Morris tries to clean up Hogs’ pigsty

Two days into SEC Media Days, and there’s a clear leader for the biggest shock to the conference’s system.

There’s lots of competition there in Atlanta with five new coaches in the league — six, if you count Dan Mullen, a veteran conference coach with a new school at Florida.

But Arkansas’ Chad Morris, now this is really, really different. This might really take some getting used to.

Put it this way: when the Razorbacks decided to make a clean break from the Bret Bielema era, the Hogs didn’t fool around.

They must have really been unhappy with Bielema, no matter that he was always a wise-cracking favorite at Media Days.

It’s like that committee immediately scratched anybody with any resemblance to the folksy, slightly chubby, man’s-man Bielema. 

If it was definitely a clean break they were looking for, it appears they got their man in Morris. 

Morris is one of five FBS head coaches who did not play college football, and he wears it on his sleeve.

He’s also one of two SEC coaches (along with Auburn’s Gus Malzahn) who first made his name as a high school coach, and it’s obvious that, like most, he did more than bark at football players in the prep ranks, like maybe teaching civics classes.

If nothing else, Bielema was the college coach from central casting, seemingly born with a whistle around his neck and always most comfortable in a loose sweatshirt.

Morris, not so much.

Morris is that fastidious, immaculately dressed male high school teacher who seemed obsessed with convincing you that this boring social studies class should be an integral part of your life.

In high school he taught math, his major (with a minor in statistics) at Texas A&M, certainly not the usual academic path to a coaching career.

Before getting sidetracked, his intended career choice was as an actuary, which, as we all know (I looked it up), is the study of statistics to calculate insurance risks.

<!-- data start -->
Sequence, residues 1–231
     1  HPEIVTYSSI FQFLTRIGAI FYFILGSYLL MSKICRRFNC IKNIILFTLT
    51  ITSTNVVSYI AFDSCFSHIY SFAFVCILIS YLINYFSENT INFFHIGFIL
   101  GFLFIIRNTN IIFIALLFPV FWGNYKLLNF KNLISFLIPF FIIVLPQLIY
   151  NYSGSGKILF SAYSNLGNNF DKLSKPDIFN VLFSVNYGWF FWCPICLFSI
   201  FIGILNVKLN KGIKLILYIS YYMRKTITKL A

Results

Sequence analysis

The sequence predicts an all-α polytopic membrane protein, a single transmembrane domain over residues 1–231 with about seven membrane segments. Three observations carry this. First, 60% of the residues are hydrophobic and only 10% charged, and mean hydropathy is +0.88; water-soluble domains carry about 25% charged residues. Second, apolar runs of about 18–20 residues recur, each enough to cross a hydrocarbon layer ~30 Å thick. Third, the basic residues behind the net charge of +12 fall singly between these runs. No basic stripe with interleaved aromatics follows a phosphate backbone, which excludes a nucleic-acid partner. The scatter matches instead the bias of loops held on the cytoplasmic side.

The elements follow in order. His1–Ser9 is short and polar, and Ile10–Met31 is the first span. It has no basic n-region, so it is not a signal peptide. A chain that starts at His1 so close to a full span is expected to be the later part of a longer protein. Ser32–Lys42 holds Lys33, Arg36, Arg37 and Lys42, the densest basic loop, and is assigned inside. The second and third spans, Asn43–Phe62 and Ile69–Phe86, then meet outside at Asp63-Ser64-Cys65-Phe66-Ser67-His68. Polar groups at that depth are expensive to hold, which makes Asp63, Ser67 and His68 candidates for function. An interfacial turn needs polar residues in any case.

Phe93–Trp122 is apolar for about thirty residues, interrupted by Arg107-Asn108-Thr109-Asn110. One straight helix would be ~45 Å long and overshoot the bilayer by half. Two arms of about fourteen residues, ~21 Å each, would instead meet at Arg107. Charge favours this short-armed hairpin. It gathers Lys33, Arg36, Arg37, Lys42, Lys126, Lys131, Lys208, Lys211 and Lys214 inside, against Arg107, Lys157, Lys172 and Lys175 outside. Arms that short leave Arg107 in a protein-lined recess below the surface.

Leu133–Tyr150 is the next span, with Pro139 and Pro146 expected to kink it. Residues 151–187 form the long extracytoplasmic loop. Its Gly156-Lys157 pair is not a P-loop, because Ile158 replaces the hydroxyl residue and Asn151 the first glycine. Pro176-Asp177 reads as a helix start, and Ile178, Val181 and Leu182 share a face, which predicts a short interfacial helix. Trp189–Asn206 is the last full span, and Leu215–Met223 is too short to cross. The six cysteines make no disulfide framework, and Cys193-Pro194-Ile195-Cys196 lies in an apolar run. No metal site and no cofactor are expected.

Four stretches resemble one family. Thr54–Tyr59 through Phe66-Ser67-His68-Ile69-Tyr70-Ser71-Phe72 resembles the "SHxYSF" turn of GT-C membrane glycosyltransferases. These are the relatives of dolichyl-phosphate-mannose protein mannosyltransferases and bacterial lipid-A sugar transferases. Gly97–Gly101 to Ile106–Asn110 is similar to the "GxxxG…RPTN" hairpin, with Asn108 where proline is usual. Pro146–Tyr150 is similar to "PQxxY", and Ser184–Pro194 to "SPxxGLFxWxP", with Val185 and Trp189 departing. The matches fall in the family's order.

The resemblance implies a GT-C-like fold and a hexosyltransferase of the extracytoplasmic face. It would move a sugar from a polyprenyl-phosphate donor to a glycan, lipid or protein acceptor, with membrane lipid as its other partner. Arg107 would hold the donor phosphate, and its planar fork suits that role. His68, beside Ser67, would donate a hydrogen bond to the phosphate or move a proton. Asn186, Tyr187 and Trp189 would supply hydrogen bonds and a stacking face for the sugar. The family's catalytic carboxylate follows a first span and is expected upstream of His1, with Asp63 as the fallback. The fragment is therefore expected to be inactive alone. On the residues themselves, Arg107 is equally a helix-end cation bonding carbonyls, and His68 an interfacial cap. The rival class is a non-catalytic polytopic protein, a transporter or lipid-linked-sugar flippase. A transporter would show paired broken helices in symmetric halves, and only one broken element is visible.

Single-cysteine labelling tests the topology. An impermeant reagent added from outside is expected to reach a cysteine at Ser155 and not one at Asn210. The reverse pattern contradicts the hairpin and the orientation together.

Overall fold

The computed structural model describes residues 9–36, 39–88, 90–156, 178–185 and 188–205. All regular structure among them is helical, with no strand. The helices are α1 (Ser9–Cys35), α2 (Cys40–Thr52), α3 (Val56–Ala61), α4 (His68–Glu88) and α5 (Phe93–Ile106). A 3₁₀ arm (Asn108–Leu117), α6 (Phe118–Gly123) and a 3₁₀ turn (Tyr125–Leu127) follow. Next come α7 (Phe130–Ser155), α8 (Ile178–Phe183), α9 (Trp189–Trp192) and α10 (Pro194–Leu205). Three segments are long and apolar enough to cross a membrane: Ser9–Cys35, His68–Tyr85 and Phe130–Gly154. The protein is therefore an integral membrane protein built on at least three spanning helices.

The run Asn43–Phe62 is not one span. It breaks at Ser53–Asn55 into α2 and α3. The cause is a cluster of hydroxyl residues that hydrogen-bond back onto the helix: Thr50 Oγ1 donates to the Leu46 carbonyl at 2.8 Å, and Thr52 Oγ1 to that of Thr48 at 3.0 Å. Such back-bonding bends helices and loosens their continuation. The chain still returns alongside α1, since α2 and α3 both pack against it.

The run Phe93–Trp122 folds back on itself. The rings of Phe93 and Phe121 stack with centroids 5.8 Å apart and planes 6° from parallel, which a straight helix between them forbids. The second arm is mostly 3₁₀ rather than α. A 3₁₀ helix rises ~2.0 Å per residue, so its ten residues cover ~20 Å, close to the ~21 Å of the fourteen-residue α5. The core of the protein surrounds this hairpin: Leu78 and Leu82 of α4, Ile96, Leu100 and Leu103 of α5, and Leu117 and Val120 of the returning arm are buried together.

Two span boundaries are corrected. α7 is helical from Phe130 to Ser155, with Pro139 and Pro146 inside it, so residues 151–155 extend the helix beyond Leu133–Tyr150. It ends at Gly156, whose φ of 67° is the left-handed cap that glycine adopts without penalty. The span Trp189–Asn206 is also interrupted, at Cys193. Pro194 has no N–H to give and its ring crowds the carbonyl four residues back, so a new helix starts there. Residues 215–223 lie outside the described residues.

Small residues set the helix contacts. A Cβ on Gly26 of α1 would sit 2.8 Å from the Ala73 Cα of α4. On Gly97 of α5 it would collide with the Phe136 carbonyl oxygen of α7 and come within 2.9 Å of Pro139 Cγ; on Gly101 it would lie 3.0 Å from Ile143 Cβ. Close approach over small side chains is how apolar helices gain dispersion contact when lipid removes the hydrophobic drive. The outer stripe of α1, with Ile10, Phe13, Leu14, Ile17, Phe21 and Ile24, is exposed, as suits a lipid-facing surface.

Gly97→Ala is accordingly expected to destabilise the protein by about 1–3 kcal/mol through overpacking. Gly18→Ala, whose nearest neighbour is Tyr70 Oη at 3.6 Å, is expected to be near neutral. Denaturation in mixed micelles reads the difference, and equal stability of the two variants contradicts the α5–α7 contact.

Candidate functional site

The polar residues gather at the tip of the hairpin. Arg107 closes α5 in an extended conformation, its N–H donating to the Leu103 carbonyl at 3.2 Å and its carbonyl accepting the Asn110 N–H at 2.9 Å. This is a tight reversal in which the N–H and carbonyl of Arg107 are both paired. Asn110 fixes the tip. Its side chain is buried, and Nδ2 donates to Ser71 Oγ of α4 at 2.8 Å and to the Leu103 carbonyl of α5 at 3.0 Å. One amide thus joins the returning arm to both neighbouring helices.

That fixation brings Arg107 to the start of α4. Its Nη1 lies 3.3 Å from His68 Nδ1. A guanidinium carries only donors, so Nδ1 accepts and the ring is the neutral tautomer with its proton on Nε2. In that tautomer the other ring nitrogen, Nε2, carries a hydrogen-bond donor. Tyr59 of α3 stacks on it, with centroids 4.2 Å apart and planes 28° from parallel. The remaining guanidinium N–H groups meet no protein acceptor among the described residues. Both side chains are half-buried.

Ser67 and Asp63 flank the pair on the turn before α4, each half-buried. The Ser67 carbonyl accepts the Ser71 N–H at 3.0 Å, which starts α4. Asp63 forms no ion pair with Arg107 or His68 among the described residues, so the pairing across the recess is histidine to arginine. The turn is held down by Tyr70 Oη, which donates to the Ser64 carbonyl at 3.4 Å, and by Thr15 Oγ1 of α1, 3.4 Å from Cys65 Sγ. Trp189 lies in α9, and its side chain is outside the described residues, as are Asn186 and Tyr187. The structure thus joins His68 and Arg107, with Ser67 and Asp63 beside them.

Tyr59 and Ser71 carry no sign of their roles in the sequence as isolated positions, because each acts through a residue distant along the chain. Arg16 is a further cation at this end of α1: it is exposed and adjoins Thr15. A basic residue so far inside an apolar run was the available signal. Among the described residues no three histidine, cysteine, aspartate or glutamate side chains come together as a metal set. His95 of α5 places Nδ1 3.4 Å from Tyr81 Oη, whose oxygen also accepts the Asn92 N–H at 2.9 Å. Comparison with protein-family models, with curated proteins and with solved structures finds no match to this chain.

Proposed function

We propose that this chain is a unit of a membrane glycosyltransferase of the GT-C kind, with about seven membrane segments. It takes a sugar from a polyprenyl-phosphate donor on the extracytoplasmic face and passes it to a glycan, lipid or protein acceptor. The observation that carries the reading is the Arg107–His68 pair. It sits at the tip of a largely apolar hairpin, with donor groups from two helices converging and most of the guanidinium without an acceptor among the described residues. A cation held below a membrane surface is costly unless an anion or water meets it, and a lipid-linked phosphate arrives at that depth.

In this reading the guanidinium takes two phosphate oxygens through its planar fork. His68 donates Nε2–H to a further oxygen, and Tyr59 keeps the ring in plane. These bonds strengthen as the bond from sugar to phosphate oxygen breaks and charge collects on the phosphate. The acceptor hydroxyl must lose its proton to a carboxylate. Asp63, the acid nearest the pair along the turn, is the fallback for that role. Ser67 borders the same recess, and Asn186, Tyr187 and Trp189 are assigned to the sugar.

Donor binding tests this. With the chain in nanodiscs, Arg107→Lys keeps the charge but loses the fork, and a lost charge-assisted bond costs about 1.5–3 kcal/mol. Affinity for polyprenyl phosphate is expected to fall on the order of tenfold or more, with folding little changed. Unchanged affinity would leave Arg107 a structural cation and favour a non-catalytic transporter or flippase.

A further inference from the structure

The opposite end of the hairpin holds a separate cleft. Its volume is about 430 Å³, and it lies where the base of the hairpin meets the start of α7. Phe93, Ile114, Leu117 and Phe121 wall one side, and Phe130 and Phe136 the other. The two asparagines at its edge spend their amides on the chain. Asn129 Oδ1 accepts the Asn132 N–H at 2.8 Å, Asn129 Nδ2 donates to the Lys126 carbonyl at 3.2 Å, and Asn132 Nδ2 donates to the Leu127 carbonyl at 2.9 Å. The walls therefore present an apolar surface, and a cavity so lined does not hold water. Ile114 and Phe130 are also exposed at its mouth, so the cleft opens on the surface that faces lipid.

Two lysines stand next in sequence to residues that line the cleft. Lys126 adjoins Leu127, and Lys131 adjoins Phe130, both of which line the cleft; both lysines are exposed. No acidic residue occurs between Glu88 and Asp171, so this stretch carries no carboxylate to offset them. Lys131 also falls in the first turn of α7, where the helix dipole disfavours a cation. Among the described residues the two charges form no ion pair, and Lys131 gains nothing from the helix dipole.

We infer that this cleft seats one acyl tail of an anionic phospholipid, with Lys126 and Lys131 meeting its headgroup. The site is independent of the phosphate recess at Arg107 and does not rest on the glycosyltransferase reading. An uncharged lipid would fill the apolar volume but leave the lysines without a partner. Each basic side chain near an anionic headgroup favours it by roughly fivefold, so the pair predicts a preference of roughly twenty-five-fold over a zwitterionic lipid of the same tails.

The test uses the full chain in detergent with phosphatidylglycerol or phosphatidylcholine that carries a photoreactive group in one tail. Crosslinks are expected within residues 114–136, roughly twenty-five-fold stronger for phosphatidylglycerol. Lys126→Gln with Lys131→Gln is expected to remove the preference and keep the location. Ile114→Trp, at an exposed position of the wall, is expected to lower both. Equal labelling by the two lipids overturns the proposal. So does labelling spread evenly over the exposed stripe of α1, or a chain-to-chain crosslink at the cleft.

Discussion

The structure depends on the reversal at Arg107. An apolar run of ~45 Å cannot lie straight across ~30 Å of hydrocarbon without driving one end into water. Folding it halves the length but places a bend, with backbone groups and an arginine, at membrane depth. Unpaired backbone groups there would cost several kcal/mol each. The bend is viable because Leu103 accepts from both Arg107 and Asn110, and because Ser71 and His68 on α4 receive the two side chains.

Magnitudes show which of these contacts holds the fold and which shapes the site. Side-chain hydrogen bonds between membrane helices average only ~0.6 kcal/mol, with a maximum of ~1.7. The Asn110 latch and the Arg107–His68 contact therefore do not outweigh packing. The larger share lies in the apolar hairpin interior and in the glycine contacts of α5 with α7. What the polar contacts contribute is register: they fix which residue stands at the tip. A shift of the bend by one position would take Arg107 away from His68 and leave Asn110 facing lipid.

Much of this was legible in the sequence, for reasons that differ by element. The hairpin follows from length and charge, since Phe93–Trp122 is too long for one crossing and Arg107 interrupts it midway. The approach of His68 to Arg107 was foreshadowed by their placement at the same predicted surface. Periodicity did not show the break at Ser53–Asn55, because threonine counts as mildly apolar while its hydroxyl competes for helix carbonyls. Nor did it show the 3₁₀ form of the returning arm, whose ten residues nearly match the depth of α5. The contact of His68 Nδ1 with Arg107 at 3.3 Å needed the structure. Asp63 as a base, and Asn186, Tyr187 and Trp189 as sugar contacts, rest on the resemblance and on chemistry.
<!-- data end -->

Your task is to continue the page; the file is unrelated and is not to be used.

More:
Which seems about right for him.

He seemed to spend five minutes Tuesday tidying up the area around his bottled water on the podium before making his Media Days debut.

Bielema would have just slopped some down from the water hose. Yes, the Hogs kicked Oscar out of the house to make room for Felix.

He may take some getting used to, but anything would be welcome after the recent struggles.

Morris comes from SMU, where he was best known for one of those pop-gun, pass-happy, up-tempo offenses that beep beeps all over the field for 60 full minutes.

It’s one of the reasons former Barbe High star Trey Quinn chose the Mustangs when he transferred there from LSU, and Morris’ departure figured in Quinn’s decision to enter the NFL draft with a year of eligibility remaining last spring.

It’s the offense that will replace Bielema’s old-school, grind-it-out attack, one imported from the Midwest and centered around offensive linemen the size of dump trucks.

The spring must have been quite a shock to the Hogs.

At a glance you figure they’re trying to turn burly lumberjacks into ballet dancers.

Good luck with that, particularly a pass-oriented offense with no idea who the quarterback will be. It may take a few recruiting classes.

Similar offensive shenanigans have been tried in the SEC before, in varying degrees, with mixed results.

Defense will be a bigger problem. Yet to be proved in the SEC is that you can run that kind of nutty attack without hanging your defense out to dry.

One of Morris’ first moves was to hire John Chavis from Texas A&M’s dismissed staff as his defensive coordinator.

Chavis was a defensive legend at Tennessee and LSU, but even he couldn’t do much at A&M while trying to counteract the Aggies’ offense, a scaled-down version of what Morris likes to do.

Morris terms it tempo rather fast-paced, and apparently there is a difference. 

“Tempo at times is a buzz word that’s used to think you just go fast the whole time,” he said. “Truly ‘tempo’ is the ability to change the pace of the game. Go fast. Huddle up a little bit. Maybe break a huddle fast, maybe go slow. 

“It’s the ability to change the tempo of the game. Talking to defensive coordinators, they would much rather you play one speed.

“Your ability to change the tempo causes people problems. And that’s who we’re going to be.”

Not sure who that is. But it will certainly will be different.

 


Scooter Hobbs covers LSU athletics. Email him at shobbs@americanpress.com

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First-year Arkansas head coach Chad Morris crossed paths with LSU’s Ed Orgeron years ago when Orgeron was at Ole Miss. The two met to discuss a job for Morris on Orgeron’s staff, but details of the meeting are sketchy.

(AP Photo/John Amis)

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